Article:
Tim Rose brings his expertise to next year’s highly anticipated event.
Service mistakes happens to the best of companies. And whether you’ve been in business 30 years or three years, it will most likely happen to you. The question is: When it does happen, how will you deal with it?
A few years ago, an excellent client, a company we had worked with for years, had an executive flying from Boston to Texas, where I would be handing her off to one of our affiliates when she got off the plane in Dallas. Unfortunately, when she landed, the chauffeur was nowhere to be found and for some reason the company was unable to track his whereabouts. As it turns out, the chauffeur went to the wrong airport and I had one very unhappy corporate vice president to deal with.
I immediately went into mea culpa mode as it would have been easy to blame the affiliate, but it was my call and I needed to take the hit. I contacted the client personally, made a thousand apologies, offered her free transportation anywhere she wanted to go (even that I would drive her personally), and prayed she had a forgiving nature. Turns out she did. She’s still our client.
The key here is not to ignore the problem hoping it will go away. Only the client will disappear, at least until she pops up on social media and lambasts your company. What’s the theory? Happy customers tell one person; unhappy customers tell 10? That sounds about right, unless she has 1,000 BFFs on Facebook.
We handle 200-300 runs per day, all with the potential to go south at any time. But in an industry with a low profit margin, you can’t afford mistakes. There must be a very low margin for error. Fortunately, we have seen less than a 1% occurrence of error. Any ground transportation company with a culture that believes bad things will happen no matter what they do will not be long for an industry so corporate dependent. Yes, mistakes will happen, but the key is not to cultivate a breeding ground where they are likely and then ignore them when they do occur. It all starts with a preventative approach in two areas: your vehicles and your chauffeurs. This means you have to deal with potential mechanical breakdowns and human relations.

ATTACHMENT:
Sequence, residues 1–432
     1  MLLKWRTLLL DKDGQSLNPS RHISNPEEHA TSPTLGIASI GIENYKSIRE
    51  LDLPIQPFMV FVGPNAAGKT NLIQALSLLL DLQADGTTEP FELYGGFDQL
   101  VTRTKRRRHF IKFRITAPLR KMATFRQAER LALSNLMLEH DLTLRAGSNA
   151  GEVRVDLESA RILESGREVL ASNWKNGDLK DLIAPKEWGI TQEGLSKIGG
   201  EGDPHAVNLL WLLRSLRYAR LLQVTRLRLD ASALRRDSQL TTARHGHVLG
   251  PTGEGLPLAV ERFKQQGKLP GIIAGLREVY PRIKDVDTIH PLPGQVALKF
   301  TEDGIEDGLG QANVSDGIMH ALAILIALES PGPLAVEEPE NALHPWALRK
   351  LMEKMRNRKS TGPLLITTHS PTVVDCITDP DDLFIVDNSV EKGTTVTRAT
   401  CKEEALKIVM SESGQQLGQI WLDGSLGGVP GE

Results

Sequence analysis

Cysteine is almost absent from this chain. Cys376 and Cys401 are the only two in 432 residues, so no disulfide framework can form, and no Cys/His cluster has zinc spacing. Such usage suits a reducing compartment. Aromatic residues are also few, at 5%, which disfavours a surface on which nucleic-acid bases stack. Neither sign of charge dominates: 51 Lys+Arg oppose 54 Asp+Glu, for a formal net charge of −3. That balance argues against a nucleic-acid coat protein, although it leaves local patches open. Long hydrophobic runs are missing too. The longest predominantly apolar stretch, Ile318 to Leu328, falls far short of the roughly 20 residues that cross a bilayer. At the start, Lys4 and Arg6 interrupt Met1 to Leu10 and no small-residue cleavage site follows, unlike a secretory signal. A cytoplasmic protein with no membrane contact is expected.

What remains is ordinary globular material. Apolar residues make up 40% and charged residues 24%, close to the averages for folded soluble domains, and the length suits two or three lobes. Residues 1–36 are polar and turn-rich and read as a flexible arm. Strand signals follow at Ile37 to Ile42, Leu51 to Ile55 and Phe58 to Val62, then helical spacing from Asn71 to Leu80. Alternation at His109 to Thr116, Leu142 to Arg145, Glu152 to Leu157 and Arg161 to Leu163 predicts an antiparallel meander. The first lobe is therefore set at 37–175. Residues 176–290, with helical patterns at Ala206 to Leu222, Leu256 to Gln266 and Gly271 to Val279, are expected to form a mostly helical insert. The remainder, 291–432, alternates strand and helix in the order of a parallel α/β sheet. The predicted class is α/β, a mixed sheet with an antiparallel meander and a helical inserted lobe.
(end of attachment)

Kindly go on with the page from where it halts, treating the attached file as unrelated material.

We are in the transportation business, which means our vehicles have to get from Point A to Point B. Now you can, and should, load up your vehicles with as many high-tech toys and gadgets as possible. GPS, on-board cameras and iPads are all tools to help track chauffeurs and vehicles as well as monitor what is going on inside and outside the vehicle at all times. But a warehouse full of iPads and Garmins will be of no help if the vehicle can’t make it out of the garage or decides to shut down in rush-hour traffic. This is why I can’t overstress enough the importance of regular maintenance. Our vehicles do 100,000 miles per year, so we know we have to meet that insatiable thirst for motor oil and change it frequently, sometimes twice per month. We also take added measures, such as trying whenever possible to lease our cars for only a two-year period to reduce the likelihood of mechanical malfunctions.